WASHINGTON – The National Pork Producers Council (NPPC) and the American Farm Bureau Federation (AFBF) are asking a federal court to rule California's Proposition 12 invalid under the Commerce Clause of the US Constitution. The groups announced the legal challenge on Dec. 6.
Proposition 12 requires producers of veal calves to house animals with at least 43 sq. ft. of usable floor space per calf by 2020. Beginning in 2022, sows will be required to be housed in a minimum of 24 sq. ft. of usable space per animal and laying hens will be cage free. NPPC said less than 1 percent of US pork production meets these requirements. To comply with Proposition 12 would require pork producers to make significant investments in their operations to be ready by the implementation date. The complaint filed by NPPC and AFBF is asking a federal court to rule Proposition 12 invalid under the Commerce Clause of the US Constitution because it imposes animal housing standards beyond California's borders.
“Proposition 12 revolves around a set of arbitrary standards that lack any scientific, technical or agricultural basis, and will only serve to inflict further harm on US hog farmers,” said Jen Sorenson, NPPC vice president. “California represents approximately 15 percent of the US pork market, and Proposition 12 will force hog farmers who want to sell pork into the populous state to switch to alternative housing systems, at a significant cost to their business. US pork producers are already fighting to expand market opportunities overseas. We shouldn’t have to fight to preserve our domestic market too,” she added.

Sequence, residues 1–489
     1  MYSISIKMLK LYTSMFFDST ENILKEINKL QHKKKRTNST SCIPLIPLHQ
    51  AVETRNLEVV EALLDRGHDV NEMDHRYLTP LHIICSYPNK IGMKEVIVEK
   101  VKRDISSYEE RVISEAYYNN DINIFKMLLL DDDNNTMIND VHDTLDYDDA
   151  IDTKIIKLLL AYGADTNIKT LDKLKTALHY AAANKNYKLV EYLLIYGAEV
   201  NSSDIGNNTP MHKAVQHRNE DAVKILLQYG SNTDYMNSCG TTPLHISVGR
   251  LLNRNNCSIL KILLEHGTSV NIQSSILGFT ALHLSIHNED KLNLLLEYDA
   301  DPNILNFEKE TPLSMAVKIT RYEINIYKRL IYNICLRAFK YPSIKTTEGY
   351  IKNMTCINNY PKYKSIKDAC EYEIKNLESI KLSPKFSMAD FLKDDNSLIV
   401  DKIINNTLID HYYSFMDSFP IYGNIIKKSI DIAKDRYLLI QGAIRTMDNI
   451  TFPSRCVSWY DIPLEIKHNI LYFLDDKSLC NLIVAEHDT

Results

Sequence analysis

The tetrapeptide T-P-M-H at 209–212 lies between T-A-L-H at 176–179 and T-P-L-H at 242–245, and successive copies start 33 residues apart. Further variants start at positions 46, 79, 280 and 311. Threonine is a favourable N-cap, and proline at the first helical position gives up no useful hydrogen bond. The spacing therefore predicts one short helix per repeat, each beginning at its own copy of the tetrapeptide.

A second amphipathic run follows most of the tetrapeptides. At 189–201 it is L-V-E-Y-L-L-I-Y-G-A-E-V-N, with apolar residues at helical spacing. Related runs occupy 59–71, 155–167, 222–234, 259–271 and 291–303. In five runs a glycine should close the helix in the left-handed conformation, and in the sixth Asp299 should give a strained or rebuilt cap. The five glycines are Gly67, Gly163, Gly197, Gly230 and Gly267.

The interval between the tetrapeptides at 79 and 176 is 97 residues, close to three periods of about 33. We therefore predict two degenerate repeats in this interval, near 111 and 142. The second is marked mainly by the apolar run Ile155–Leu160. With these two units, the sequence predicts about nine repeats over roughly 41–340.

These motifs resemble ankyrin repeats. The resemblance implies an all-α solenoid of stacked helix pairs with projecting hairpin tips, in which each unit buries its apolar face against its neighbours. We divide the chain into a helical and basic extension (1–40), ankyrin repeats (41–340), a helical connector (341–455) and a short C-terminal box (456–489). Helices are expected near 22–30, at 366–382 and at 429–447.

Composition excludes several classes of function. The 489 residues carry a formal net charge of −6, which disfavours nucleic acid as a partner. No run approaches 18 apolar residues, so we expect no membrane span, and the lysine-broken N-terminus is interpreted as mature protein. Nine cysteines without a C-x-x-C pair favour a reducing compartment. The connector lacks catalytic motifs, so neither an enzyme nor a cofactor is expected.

The complaint comes after a district court judge denied the North American Meat Institute's (NAMI) request for a preliminary injunction against Proposition 12. NAMI is considering an appeal to the US Court of Appeals for the Ninth Circuit.
Ellen Steen, general counsel for AFBF, said the law was presented as a solution to improve animal welfare and food safety. But, she said, the law has nothing to do with food safety and will result in many more animals suffering because of arbitrary rules.
“The best way to protect animal well-being is to allow farmers to make farm-specific and animal-specific decisions on animal care," Steen said. "Prop 12 will deny them that ability while driving up their costs. The hardest hit will be family farms, especially smaller independent farms. That means Prop 12 will also lead to fewer family farms and greater consolidation in the pork industry.”